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November 22, 2011

Beauty's Machine Age

Can the new tech-happy beauty gadgets really zap zits and shrink pores with the proficiency of a cosmetic doc?

beauty machines

Photo Credit: Christopher Griffith

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A few years ago, after a decade spent tithing embarrassing portions of my meager salary to the French face cream gods in an attempt to soothe symptoms ranging from dark circles to boyfriendlessness, I quit products cold turkey. I'd like to credit this to some new sense of perspective or at least a hobby, but what really happened is that I read several articles about parabens in breast tumors, and my fear of cancer trumped my fear of wrinkles. I threw out my ultrarich night creams and serums and replaced them with jars of pure almond oil from the health-food store. To my surprise, my cheeks didn't immediately sag in protest. But I did notice a creeping psychological lightness. I was no longer desperately fighting aging; I was just aging. It felt liberating, and a little dangerous. My newfound beauty asceticism really took the edge off my birthdays.

But eventually, as I fell upon my 30s and the crinkles around my eyes started taking up permanent residence, I began to reconsider: Had I equated righteous abstention with laziness? Surely it was possible to not buy $300 eye cream and not have chin hair.

It was my wedding that finally tipped the scales. A few months of concentrated vanity before the big event enlightened me to the cosmetic world's technophilia: a class of paraben-free beauty gadgets, LED systems, electronic masks, and zappers whose promises would make La Mer blush. Could they possibly work? I was skeptical. But fresh off my honeymoon and eager to retain at least the appearance of well-restedness, I decided to find out.

I start simple, with the Olay Professional Pro-X Advanced Cleansing System, a less-expensive version of Clarisonic, the popular motorized exfoliating brush. But first I call Dr. Debra Jaliman, author of Skin Rules: Trade Secrets From a Top New York Dermatologist, to find out what benefits, if any, to realistically expect. Surprisingly, she proclaims herself a "big believer" in some at-home devices. "Is the Olay as good as what I can do with the diamond-tip microdermabrator in my office?" she says. "No. But it still helps." What about as good as my own washcloth? I ask. "I'm not a fan of washcloths," she says. "People don't wash them enough. They put bacteria back on your skin."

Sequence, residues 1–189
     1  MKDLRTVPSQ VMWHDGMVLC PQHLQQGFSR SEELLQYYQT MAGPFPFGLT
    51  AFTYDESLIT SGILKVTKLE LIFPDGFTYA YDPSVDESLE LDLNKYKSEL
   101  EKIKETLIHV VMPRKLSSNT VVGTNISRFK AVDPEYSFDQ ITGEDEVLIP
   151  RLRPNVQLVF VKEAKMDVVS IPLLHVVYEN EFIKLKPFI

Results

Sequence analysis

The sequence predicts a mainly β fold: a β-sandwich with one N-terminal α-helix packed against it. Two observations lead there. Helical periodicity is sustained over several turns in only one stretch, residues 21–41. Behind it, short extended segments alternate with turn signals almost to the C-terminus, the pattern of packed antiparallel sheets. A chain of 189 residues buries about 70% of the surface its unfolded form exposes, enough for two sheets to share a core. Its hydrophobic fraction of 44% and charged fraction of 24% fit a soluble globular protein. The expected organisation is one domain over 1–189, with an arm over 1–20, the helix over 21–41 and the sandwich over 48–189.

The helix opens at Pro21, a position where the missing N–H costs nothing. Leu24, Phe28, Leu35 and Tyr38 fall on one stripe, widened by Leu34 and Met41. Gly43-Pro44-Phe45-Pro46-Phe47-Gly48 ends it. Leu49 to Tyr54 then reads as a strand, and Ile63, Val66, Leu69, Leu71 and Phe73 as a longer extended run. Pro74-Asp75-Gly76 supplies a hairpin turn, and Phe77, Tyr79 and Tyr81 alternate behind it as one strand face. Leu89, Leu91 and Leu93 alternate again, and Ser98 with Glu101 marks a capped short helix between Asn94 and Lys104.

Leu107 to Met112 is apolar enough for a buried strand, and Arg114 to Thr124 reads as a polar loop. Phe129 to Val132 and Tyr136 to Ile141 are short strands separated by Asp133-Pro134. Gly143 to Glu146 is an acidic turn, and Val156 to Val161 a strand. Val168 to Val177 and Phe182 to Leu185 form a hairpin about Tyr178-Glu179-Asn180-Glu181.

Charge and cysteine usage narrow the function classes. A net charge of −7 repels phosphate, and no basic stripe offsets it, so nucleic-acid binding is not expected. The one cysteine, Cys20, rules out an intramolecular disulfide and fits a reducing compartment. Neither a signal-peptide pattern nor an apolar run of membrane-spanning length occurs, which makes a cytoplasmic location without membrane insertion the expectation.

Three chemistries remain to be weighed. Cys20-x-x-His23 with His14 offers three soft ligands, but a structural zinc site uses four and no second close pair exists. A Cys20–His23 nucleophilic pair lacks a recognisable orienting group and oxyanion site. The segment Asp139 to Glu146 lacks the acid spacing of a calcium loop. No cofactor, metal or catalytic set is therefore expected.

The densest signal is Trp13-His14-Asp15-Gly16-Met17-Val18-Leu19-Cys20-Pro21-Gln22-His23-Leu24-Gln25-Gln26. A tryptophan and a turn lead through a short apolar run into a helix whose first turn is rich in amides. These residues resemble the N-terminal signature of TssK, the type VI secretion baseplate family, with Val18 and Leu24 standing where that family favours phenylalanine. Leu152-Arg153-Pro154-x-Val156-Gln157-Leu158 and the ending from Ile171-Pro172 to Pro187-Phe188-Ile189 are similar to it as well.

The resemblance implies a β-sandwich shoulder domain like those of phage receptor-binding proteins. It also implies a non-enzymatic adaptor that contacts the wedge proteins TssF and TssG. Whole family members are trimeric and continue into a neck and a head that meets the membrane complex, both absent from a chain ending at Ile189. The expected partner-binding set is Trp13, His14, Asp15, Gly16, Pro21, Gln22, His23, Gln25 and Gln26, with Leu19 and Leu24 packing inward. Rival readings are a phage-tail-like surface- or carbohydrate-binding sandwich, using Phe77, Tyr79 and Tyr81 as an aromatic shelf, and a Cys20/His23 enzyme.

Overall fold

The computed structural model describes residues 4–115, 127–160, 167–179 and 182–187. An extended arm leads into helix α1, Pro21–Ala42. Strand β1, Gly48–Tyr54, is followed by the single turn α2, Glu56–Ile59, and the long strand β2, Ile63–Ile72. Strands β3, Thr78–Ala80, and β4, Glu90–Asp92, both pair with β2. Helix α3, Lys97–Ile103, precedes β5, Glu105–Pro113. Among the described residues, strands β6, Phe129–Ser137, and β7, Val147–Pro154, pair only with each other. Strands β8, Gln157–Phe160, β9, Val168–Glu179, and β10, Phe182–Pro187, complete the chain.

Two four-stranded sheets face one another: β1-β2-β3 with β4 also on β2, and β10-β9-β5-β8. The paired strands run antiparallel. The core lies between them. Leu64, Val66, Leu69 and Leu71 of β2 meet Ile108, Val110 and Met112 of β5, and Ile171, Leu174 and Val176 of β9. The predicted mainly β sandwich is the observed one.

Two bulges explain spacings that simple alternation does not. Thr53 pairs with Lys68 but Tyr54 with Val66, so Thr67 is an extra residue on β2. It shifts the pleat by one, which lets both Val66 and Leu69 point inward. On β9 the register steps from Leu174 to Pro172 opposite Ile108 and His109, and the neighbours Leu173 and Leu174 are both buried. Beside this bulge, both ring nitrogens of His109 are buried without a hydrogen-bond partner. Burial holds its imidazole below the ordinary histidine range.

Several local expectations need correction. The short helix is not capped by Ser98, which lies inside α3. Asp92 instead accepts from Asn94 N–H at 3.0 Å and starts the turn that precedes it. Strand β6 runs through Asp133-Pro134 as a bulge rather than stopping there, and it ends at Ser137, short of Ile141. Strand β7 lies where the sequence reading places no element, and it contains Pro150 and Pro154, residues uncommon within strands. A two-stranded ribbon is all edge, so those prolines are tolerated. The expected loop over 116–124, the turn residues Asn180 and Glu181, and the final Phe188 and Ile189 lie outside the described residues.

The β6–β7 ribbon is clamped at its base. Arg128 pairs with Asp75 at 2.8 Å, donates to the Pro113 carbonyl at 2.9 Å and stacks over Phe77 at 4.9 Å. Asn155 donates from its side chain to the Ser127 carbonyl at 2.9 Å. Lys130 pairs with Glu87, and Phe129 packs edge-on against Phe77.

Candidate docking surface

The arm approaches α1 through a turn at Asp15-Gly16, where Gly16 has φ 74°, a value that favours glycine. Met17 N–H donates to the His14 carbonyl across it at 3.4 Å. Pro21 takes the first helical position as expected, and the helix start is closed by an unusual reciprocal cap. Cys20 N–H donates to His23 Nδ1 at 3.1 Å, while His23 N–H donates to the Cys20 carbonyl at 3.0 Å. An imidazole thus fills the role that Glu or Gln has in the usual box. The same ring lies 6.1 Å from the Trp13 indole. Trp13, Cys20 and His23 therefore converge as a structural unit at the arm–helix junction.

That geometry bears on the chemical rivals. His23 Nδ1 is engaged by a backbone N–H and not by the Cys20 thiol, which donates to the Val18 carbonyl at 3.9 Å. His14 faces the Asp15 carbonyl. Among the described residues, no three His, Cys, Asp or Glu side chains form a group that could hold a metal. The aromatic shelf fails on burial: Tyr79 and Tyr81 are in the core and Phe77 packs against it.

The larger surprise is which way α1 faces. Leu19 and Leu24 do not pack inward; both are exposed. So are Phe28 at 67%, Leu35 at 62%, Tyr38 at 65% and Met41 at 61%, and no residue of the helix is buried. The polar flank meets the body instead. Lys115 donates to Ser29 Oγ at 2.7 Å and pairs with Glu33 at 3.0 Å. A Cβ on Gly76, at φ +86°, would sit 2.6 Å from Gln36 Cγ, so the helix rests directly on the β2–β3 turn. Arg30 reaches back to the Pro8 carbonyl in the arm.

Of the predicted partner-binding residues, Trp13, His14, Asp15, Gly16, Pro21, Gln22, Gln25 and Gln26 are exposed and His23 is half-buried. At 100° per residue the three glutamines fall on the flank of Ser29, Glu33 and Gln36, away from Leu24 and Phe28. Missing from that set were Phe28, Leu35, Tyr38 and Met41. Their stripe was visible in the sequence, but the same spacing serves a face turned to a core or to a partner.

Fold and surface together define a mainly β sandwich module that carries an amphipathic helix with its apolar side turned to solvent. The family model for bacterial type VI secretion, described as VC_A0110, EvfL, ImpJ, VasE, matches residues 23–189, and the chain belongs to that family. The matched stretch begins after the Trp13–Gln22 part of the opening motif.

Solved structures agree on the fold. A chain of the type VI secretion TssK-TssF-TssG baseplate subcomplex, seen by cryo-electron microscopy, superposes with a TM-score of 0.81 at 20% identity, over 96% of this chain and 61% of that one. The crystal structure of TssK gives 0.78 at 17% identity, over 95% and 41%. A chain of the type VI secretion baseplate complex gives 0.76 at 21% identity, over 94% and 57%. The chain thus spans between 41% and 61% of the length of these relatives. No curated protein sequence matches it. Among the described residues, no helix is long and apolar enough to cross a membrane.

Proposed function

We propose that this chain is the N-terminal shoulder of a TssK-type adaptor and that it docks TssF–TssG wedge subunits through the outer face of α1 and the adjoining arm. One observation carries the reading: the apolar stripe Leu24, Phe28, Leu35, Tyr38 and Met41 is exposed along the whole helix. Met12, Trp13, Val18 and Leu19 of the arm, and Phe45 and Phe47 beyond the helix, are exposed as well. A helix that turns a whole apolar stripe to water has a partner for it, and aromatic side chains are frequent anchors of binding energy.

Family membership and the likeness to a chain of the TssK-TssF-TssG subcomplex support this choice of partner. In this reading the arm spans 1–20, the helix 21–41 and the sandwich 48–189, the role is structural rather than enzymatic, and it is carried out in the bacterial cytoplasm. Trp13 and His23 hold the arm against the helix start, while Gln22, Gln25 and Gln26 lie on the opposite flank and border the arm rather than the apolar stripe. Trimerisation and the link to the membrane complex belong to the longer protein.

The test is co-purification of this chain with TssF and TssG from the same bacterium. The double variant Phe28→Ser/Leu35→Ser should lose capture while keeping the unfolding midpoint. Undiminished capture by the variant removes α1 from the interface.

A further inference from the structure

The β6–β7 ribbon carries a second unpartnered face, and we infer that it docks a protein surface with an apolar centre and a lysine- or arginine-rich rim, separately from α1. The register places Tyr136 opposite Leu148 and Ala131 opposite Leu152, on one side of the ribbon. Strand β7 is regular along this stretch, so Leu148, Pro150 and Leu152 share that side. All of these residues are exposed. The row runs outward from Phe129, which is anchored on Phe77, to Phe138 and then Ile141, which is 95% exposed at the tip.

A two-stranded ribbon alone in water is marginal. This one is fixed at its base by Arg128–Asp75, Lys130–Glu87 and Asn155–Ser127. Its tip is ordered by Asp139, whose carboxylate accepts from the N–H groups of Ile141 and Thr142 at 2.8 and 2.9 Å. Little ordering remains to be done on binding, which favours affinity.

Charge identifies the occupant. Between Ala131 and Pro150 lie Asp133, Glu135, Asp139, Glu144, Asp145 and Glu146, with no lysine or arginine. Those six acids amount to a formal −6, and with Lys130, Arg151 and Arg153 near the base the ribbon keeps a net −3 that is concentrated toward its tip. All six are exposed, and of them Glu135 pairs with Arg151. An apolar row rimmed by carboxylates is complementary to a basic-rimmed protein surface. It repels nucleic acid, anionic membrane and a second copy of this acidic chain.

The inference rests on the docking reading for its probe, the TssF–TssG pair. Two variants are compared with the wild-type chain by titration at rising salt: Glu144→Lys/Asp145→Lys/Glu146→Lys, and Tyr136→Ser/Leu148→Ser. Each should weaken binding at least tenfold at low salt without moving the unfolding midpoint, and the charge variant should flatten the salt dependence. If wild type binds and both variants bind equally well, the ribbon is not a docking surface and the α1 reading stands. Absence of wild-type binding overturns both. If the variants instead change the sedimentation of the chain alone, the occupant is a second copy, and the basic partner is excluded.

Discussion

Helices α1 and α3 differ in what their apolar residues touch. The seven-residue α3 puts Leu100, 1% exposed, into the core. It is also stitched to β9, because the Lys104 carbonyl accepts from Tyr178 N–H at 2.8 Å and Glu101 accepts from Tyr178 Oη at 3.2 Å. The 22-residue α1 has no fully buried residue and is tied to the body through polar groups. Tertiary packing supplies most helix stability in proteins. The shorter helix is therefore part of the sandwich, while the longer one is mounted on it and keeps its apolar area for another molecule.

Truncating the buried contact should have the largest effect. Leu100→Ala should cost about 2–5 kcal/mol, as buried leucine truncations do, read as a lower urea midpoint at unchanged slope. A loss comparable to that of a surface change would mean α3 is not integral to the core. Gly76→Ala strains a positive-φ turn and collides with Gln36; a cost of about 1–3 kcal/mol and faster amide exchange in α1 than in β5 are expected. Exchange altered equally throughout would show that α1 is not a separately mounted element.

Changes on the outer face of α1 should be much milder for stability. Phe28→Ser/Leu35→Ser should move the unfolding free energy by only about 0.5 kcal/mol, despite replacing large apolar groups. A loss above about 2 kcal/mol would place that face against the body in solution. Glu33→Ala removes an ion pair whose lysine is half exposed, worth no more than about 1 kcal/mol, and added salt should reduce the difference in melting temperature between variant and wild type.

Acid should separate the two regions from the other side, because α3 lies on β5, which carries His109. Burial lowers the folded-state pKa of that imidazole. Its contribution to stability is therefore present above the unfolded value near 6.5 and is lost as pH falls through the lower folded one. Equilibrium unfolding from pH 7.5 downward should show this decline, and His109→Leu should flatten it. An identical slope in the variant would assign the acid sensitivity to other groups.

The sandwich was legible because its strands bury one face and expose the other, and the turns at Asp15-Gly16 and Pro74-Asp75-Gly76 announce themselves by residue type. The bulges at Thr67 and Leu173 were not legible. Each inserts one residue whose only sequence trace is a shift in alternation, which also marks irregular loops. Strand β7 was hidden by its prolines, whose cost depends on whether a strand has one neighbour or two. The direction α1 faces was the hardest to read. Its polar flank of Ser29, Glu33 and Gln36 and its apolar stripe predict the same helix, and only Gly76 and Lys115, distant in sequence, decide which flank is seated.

I proceed with my trial, applying cleanser to my wet face and pressing the little white gadget's On button. It purrs softly to life, its bristles rotating slowly in a circular direction. My electric toothbrush could eat this thing for lunch. But it produces a pleasant tickling sensation that eventually lulls me into a deep relaxation, not unlike a face massage. Mmmmmm-hmm. When I finally set the device down, my face does feel exceedingly clean.

Next, I try a sleek, compact gadget that borrows its shape and design from the iPhone: the Claro IPL Acne Clearing Device, a handheld zit-zapper that promises, through a combination of heat and light, to shrivel pimples within a matter of days. When I press the gadget to a blemish on my chin, it starts beeping loudly and unleashes a series of flashing red lights. Convinced something scientific must be happening here, I'm soon loudly zapping my entire body — ingrown hairs, back zits, a bug bite on my forearm. How this gadget might have transformed my adolescence! While I don't see any instantaneous results, I'm interested enough to give this device another go-around.

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